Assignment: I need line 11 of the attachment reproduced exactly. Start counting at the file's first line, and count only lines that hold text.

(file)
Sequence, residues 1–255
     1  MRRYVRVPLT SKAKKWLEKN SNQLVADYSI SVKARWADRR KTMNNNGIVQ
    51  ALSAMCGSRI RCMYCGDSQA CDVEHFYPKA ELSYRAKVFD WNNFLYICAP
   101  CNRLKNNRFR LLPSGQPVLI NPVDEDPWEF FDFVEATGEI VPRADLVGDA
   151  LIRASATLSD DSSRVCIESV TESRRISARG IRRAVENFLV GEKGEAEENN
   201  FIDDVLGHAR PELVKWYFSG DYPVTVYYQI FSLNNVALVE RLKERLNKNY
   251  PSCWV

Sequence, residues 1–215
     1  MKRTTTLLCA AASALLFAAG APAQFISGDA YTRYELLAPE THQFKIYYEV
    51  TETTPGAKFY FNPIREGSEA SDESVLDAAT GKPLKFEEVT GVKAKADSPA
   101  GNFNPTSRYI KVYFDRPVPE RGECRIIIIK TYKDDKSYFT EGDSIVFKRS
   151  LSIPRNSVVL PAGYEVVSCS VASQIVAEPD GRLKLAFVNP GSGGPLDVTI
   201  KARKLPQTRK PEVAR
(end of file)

   101  GNFNPTSRYI KVYFDRPVPE RGECRIIIIK TYKDDKSYFT EGDSIVFKRS